DAO 44:7-16 (2001)  -  doi:10.3354/dao044007

Pathology associated with an aquareovirus in captive juvenile Atlantic halibut Hippoglossus hippoglossus and an experimental treatment strategy for a concurrent bacterial infection

R. Roland Cusack1,*, David B. Groman2, Anne-Margaret MacKinnon3, Frederick S. B. Kibenge2, Dorota Wadowska2, Nick Brown4

1Veterinary Pathology, Nova Scotia Department of Fisheries and Aquaculture, PO Box 550, Truro, Nova Scotia B2N 5E3, Canada
2Aquatic Diagnostic Services, Dept. of Pathology and Microbiology, Atlantic Veterinary College, Charlottetown, Prince Edward Island C1A 4P3, Canada
3Fish Health Unit, Dept. of Fisheries and Oceans, PO Box 5030, Moncton, New Brunswick E1C 9B6, Canada
4R & R Finfish Development Ltd., RR#1 Sandy Cove, Digby, Nova Scotia B0V 1E0, Canada

ABSTRACT: A large-scale mortality of larval and juvenile halibut Hippoglossus hippoglossus occurred at a semi-commercial halibut farm in Atlantic Canada. Investigation of the cause revealed aquareovirus particles in necrotic liver tissue of affected fish. Cytopathic effect on CHSE-214 cell lines occurred from all fish cultured for viruses, and the viral morphology of the particles in culture was consistent with that observed in necrotic host tissue. The virus was placed in the family of Reoviridae, genus Aquareovirus based on morphology and RT-PCR results. Multifocal hepatocellular necrosis was a consistent finding in all fish as well as acute necrosis of proximal renal tubules. Concurrent bacterial infections were present in some specimens. Fish experimentally treated with oxytetracycline or a combination of oxytetracycline and chloramine-T had a significantly lower mortality rate than untreated fish. Fish treated with chloramine-T alone had a significantly elevated mortality rate compared to controls. Despite supportive medical therapy, mortality levels in treated and untreated groups remained elevated, supporting the hypothesis that the primary pathogen was of viral origin. This is the first report of elevated mortalities in Atlantic halibut associated with an aquareovirus.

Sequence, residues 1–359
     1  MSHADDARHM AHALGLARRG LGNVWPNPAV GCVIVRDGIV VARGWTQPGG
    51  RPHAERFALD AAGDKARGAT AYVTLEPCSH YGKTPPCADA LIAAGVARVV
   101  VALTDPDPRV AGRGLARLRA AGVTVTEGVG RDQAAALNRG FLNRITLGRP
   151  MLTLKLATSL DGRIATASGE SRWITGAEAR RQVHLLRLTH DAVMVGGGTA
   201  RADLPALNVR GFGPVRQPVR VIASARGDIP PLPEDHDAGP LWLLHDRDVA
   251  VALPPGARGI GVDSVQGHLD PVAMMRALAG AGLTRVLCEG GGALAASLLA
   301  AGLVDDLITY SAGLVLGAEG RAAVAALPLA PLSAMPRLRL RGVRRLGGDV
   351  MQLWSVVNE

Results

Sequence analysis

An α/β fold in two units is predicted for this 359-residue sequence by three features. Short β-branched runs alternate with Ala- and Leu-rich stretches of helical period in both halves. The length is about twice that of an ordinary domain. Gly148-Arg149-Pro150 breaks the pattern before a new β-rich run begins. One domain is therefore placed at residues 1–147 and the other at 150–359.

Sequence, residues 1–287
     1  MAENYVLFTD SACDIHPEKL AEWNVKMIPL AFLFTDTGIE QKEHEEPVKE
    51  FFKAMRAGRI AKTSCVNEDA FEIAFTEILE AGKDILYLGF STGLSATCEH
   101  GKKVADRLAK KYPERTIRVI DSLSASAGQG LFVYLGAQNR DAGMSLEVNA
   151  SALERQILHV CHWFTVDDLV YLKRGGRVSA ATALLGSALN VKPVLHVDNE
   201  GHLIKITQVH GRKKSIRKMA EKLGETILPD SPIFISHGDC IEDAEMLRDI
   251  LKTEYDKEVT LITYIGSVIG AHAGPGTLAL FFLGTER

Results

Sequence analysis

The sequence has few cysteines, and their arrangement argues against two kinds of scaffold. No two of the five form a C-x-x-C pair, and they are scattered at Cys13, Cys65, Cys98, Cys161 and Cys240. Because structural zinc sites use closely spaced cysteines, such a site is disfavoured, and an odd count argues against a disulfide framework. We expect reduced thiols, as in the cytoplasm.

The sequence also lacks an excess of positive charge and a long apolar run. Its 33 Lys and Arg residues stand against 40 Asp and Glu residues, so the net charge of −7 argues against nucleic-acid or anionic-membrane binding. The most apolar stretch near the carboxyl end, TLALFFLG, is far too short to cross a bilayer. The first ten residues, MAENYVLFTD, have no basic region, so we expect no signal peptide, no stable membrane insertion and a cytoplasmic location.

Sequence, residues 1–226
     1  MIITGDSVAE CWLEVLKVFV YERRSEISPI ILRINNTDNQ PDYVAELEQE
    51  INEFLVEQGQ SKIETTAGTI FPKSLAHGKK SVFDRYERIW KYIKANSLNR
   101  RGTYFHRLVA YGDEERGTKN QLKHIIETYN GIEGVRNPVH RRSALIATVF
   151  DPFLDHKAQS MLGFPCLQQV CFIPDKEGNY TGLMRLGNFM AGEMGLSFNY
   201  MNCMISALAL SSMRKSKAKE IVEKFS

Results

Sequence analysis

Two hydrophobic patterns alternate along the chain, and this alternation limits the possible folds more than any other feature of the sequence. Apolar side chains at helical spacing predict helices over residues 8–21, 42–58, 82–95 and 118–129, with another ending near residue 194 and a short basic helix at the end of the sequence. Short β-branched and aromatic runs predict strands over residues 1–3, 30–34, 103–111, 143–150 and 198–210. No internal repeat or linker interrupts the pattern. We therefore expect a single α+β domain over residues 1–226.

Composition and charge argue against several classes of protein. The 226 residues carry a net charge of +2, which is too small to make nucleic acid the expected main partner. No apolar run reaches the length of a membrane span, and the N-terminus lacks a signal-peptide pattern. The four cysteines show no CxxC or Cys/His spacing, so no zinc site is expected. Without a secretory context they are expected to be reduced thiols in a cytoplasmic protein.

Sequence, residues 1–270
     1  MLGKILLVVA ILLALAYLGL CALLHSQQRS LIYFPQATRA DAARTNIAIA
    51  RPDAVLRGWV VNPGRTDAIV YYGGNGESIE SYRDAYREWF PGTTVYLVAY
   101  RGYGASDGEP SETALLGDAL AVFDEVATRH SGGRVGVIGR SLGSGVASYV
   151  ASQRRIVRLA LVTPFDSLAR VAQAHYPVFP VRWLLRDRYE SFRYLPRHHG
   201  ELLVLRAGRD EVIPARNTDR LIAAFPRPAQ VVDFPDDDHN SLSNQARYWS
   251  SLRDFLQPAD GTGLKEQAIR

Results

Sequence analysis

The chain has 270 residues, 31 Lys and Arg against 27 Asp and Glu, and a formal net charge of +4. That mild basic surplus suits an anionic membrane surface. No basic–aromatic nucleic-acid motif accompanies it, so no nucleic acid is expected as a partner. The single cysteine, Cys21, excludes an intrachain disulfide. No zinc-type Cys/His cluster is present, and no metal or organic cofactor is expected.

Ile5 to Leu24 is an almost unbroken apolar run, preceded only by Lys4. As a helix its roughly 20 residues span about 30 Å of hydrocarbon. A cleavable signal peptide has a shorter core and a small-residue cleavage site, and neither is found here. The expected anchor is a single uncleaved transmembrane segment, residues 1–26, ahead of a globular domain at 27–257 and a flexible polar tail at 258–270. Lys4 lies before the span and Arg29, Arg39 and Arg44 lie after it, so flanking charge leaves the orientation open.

KEY WORDS: Aquareovirus · Atlantic halibut · Fish diseases · Oxytetracycline · Chloramine-T · Pathology · Fish treatments


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